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Sub prime issue - a good article, must read

I guess in the financial world more an experienced financial GURU like say Alan Greenston talks about something, the more prominent it becomes. What if one fine day he suddenly says "The sub prime crisis has come to an end!" Will the issue be solved?? LOL I wish so:D
 
I guess in the financial world more an experienced financial GURU like say Alan Greenston talks about something, the more prominent it becomes. What if one fine day he suddenly says "The sub prime crisis has come to an end!" Will the issue be solved?? LOL I wish so:D


LOL =D>
good point ;), what if it is a mental exercise, at the end of the day.
If all the wall street "GURUS" think that a few million people who decide not to pay off their home loans should not effect our Financial Markets, i guess they can make it happen.
After all, the GURUs are followed by many people, and if they can pull off this "MINDTRICK" a major problem would be solved. :D
 

alain

Older and Wiser
I guess in the financial world more an experienced financial GURU like say Alan Greenston talks about something, the more prominent it becomes. What if one fine day he suddenly says "The sub prime crisis has come to an end!" Will the issue be solved?? LOL I wish so:D

who is Alan Greenston?
 

alain

Older and Wiser
America's housing market | Cracks in the façade | Economist.com

Amazing is'nt it, just because of few million people are unable to pay their loans, the entire financial market gets a scare, but i am sure it is just a scare, and it is being digged too much.

In the link above, the author has mentioned many sides of the sub-prime issue.

These "scares" cost a lot of money... if a few million (Xe6) owe on the average $300,000 (these are subprime loans which mean there is probably no equity accumulated), we are talking about $300X billions. Assuming the lenders are able to recover 50% of the money in foreclosures (this is very optimistic), the lenders are still short $150X billions.... draw your own conclusions.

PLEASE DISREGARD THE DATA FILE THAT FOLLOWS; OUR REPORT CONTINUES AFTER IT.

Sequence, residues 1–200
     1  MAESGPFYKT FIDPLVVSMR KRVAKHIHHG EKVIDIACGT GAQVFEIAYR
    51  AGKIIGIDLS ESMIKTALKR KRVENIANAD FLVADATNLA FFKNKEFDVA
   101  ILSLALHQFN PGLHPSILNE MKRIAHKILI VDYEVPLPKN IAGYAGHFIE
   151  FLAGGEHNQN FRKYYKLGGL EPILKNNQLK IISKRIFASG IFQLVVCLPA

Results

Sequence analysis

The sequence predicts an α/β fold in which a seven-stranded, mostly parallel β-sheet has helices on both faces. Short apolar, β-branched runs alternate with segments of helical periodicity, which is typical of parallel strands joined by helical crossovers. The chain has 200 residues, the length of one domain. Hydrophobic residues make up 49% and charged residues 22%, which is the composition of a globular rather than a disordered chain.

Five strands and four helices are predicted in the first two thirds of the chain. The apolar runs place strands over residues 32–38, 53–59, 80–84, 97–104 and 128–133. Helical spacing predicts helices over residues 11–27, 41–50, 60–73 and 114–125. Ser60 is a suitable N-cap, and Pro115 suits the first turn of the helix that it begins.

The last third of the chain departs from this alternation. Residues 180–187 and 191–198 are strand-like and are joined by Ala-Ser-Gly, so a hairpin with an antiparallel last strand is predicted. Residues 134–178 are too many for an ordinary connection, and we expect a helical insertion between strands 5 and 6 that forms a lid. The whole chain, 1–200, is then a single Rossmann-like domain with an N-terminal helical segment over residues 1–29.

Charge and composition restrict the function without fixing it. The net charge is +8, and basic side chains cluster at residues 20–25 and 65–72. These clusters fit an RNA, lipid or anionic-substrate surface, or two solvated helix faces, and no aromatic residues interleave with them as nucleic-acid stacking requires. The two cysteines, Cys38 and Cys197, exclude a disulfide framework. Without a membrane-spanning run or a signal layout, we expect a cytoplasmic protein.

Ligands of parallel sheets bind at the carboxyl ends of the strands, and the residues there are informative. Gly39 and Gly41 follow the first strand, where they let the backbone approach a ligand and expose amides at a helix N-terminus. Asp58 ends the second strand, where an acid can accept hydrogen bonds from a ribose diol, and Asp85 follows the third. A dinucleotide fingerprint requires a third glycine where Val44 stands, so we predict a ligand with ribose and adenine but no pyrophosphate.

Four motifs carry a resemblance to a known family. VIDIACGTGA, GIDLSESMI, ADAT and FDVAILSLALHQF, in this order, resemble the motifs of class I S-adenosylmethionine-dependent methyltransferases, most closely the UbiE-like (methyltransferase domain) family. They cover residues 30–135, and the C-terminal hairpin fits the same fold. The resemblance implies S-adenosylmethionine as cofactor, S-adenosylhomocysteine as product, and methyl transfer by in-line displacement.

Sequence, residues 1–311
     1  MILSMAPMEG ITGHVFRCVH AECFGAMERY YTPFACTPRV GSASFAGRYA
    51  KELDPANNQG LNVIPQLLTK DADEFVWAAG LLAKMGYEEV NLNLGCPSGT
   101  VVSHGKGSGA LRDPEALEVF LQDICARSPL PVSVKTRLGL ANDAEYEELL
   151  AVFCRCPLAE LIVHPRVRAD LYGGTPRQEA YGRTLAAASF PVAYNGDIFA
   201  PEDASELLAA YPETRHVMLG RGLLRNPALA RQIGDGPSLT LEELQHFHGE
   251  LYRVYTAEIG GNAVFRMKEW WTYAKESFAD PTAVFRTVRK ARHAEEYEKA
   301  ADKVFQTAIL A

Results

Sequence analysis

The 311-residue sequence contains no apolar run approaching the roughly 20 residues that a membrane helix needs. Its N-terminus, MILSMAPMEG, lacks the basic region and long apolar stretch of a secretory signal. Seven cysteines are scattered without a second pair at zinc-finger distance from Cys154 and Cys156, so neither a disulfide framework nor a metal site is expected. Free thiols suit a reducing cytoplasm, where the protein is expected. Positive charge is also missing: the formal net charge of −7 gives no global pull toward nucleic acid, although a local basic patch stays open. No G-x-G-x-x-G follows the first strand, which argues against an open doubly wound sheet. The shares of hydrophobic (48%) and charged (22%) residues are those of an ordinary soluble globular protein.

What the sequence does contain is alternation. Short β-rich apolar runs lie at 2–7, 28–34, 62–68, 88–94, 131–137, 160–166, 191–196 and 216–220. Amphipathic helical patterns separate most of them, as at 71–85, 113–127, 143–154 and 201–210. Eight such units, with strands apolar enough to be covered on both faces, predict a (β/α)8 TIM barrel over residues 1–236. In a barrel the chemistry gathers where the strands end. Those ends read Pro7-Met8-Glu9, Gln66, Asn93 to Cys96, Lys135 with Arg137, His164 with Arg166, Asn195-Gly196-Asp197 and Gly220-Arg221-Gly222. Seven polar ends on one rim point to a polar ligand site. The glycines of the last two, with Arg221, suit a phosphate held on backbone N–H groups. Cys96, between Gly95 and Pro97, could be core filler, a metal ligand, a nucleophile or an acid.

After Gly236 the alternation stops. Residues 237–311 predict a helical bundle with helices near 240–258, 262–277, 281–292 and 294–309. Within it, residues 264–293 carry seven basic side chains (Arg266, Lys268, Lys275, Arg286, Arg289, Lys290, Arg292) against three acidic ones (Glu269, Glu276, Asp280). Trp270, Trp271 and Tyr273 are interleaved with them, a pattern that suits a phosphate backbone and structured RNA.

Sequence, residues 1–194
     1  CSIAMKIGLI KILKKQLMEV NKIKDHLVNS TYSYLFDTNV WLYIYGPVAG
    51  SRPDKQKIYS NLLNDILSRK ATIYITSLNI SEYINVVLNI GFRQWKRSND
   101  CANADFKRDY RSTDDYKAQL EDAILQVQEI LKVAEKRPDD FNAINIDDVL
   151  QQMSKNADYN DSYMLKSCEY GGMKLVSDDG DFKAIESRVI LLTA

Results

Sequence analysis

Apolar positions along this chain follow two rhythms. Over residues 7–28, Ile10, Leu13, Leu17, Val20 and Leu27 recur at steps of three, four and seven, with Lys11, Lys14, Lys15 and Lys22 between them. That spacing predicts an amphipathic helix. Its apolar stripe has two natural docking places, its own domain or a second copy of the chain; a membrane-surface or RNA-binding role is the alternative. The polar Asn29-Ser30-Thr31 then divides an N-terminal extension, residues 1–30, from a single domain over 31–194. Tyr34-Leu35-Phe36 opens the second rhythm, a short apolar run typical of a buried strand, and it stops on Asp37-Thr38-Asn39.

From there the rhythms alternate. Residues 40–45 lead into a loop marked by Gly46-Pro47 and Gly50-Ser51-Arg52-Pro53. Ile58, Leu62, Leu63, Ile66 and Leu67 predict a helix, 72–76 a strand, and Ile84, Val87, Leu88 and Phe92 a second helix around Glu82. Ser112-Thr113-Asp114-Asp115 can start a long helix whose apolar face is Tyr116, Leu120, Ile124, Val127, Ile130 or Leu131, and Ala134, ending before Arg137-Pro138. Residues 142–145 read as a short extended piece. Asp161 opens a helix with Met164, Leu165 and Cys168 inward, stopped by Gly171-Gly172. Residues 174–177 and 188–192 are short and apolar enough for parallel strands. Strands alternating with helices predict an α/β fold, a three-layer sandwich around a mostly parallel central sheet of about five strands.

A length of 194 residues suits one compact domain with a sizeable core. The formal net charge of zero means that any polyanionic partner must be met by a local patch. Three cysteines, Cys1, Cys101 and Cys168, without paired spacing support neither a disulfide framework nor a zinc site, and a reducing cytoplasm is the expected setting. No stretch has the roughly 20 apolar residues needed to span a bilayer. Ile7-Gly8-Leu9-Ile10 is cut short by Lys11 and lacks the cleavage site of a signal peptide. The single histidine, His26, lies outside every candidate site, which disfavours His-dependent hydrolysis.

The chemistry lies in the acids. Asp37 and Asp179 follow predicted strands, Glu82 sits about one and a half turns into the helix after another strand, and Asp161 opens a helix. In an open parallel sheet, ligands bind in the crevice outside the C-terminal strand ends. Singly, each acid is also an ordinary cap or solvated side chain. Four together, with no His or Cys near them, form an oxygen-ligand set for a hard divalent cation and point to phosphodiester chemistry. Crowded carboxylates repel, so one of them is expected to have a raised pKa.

This is just an example of how bad things could become. Something to keep in mind, in the US, if you declared bankruptcy, you get a clean "sheet". i.e. all your debt is wiped out and you don't owe money to anybody (you lose everything and you won't be able to get credit for the next few years but whoever is your counterparty gets almost nothing from you). I don't know how it works in some other parts of the world.
 
These "scares" cost a lot of money... if a few million (Xe6) owe on the average $300,000 (these are subprime loans which mean there is probably no equity accumulated), we are talking about $300X billions. Assuming the lenders are able to recover 50% of the money in foreclosures (this is very optimistic), the lenders are still short $150X billions.... draw your own conclusions.

This is just an example of how bad things could become. Something to keep in mind, in the US, if you declared bankruptcy, you get a clean "sheet". i.e. all your debt is wiped out and you don't owe money to anybody (you lose everything and you won't be able to get credit for the next few years but whoever is your counterparty gets almost nothing from you). I don't know how it works in some other parts of the world.

yeah, in the last quater of 2007, we have seen/experienced the worst season since CDO/ABS/MBS/CDS were introduced to the market.

In my view, I agree with a lot of others opinion that we haven't seen the real damage yet. It will perhaps take 2 or 3 year to go through the big wash up circle.

We expect an increase in defaults and rating downgrades in 2008 for credit structure market to absorb any easing of the knock on/flow on effects, leading to little spread compression. We believe corporate CDOs will survive, but we are likely to enter the "2.0" era, where over-engineered structures and ratingefficiency take the sideline, making room for less levered and less complicated structures. The importance of funding efficiency, especially for large Aaa tranches, means that the destiny of the corporate CDO market is exposed to the (slow) healing of balance sheets at large banks. After years of sustained growth, the CLO manager club is likely to experience a significant contraction over the next 12-24 months,
(LB Live)​

 
Rather than 2-3 years, perhaps, it takes shorter for the sequelae of sub-prime crisis to calm down.
 
i was talking to a frn in NY and she has a huge mortgage. she is amongst highly paid ones on street. really smart gurl. and she says she will renegotiate her mortgage. ppl are just renegotiating because they are getting a good deaal out it! i m surprised :)
 

alain

Older and Wiser
i was talking to a frn in NY and she has a huge mortgage. she is amongst highly paid ones on street. really smart gurl. and she says she will renegotiate her mortgage. ppl are just renegotiating because they are getting a good deaal out it! i m surprised :)

sounds really really strange.
 
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